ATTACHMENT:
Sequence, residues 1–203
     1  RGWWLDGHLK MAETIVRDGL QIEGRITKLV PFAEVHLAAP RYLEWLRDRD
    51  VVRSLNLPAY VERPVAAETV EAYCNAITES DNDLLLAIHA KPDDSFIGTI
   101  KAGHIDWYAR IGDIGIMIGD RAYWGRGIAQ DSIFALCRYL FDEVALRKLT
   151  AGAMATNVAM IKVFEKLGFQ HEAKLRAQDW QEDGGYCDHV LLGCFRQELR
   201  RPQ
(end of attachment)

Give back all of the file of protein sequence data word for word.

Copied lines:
Sequence, residues 1–203
     1  RGWWLDGHLK MAETIVRDGL QIEGRITKLV PFAEVHLAAP RYLEWLRDRD
    51  VVRSLNLPAY VERPVAAETV EAYCNAITES DNDLLLAIHA KPDDSFIGTI
   101  KAGHIDWYAR IGDIGIMIGD RAYWGRGIAQ DSIFALCRYL FDEVALRKLT
   151  AGAMATNVAM IKVFEKLGFQ HEAKLRAQDW QEDGGYCDHV LLGCFRQELR
   201  RPQ